Little to say for myself

Monday, February 24, 2003  

One of the more memorable weekends.

Spent a few precious hours with the love of my life after she'd had a tough week away in the blizzards of New York.
Hopped on an afternoon train to London to experience my first, all-up, no-expense-spared Opera (Rigoletto) at the Coliseum. Fab.
Eight of us caught the Last Train Back - engineering works meant we didn't get in to Cambridge until well after 2, the whole journey spent making each other giggle.
Sat up 'til 4 watching the taped rugby match (knowing I was seeing my brothers the next day, and that there was no way I'd avoid knowing the result).

Dragged self out of bed and drove over to Mum's to help fill a huge skip (and an equally huge bonfire) with 50 years-worth of memories. She's started the process (3 years after Dad died) of clearing out in preparation for starting her New Life in a new place. We stopped for lunch and realised this might be the first time ever that just the five of us (Mum and her four sons) had sat down to eat together. In the early years Dad was always there, and now we all have families of our own in tow. A day full of dust, cobwebs, hibernating bats and laughter.
My older son texted me to say he'd goalkeepered his team to a narrow 18-1 victory in their cup football match.

This raises the bar for weekends to come.

posted by Plig | 00:39 |

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Forget the sentimental notion that foreign policy is a struggle between virtue and vice, with virtue bound to win.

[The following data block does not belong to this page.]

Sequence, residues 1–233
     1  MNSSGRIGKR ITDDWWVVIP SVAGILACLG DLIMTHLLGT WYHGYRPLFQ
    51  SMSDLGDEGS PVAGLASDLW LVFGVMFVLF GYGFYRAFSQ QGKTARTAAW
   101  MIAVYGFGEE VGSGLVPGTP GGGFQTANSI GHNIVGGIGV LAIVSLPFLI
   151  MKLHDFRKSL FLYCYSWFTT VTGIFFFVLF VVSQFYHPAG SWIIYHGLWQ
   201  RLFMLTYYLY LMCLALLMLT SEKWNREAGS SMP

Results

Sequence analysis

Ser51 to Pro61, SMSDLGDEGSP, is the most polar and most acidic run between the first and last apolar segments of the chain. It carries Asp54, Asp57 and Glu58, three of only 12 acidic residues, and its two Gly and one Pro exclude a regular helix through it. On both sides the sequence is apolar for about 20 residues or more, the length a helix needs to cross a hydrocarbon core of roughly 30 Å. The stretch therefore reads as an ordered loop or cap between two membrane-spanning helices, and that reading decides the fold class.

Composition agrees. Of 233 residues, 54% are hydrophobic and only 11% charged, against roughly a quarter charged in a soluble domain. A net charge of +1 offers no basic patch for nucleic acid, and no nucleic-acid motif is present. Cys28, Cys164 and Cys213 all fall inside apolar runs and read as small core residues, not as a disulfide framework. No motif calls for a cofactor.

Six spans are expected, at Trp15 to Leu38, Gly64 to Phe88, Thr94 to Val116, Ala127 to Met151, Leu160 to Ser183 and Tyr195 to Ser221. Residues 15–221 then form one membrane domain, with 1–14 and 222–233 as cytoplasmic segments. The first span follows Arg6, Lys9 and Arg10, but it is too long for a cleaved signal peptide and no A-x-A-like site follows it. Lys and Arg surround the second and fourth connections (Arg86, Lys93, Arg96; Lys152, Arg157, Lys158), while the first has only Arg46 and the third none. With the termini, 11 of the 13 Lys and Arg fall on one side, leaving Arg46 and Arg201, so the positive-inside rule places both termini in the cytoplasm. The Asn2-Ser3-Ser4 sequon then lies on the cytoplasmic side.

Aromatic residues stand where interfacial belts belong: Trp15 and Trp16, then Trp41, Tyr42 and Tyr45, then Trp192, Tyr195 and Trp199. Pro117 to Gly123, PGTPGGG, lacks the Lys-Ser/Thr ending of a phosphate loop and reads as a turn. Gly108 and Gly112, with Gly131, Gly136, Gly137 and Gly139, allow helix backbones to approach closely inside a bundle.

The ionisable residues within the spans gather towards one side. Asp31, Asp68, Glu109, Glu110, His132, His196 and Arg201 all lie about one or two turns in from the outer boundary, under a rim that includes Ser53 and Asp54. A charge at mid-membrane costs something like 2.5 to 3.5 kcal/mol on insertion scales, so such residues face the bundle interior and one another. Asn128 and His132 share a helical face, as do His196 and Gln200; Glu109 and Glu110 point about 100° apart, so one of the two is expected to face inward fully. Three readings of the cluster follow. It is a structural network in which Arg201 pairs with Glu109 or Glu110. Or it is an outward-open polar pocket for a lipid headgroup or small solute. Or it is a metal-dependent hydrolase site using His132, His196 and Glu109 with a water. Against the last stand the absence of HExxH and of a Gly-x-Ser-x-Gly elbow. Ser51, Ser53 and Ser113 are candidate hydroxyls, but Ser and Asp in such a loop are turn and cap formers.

Forget the utopian notion that a brave new world without power politics will follow the unconditional surrender of wicked nations.
Forget the crusading notion that any nation, however virtuous and powerful, can have the mission to make the world in its own image.
Remember that diplomacy without power is feeble, and power without diplomacy is destructive and blind.
Remember that no nation's power is without limits, and hence that its policies must respect the power and interests of others.
Hans Morgenthau

The whole problem with the world is that fools and fanatics are always so certain of themselves, but wiser people so full of doubts
Bertrand Russell

The release of atomic energy has not created a new problem. It has merely made more urgent the necessity of solving an existing one
Albert Einstein

When you are right you cannot be too radical; when you are wrong, you cannot be too conservative
Martin Luther King Jr.

Our great democracies still tend to think that a stupid man is more likely to be honest than a clever man
Bertrand Russell

I think it would be a good idea
Mahatma Gandhi, when asked what he thought of Western civilization

There are painters who transform the sun to a yellow spot, but there are others who with the help of their art and their intelligence, transform a yellow spot into the sun
Pablo Picasso

Those are my principles, and if you don't like them... well, I have others
Groucho Marx

Whatever you do will be insignificant, but it is very important that you do it
Mahatma Gandhi

Always make new mistakes
Esther Dyson
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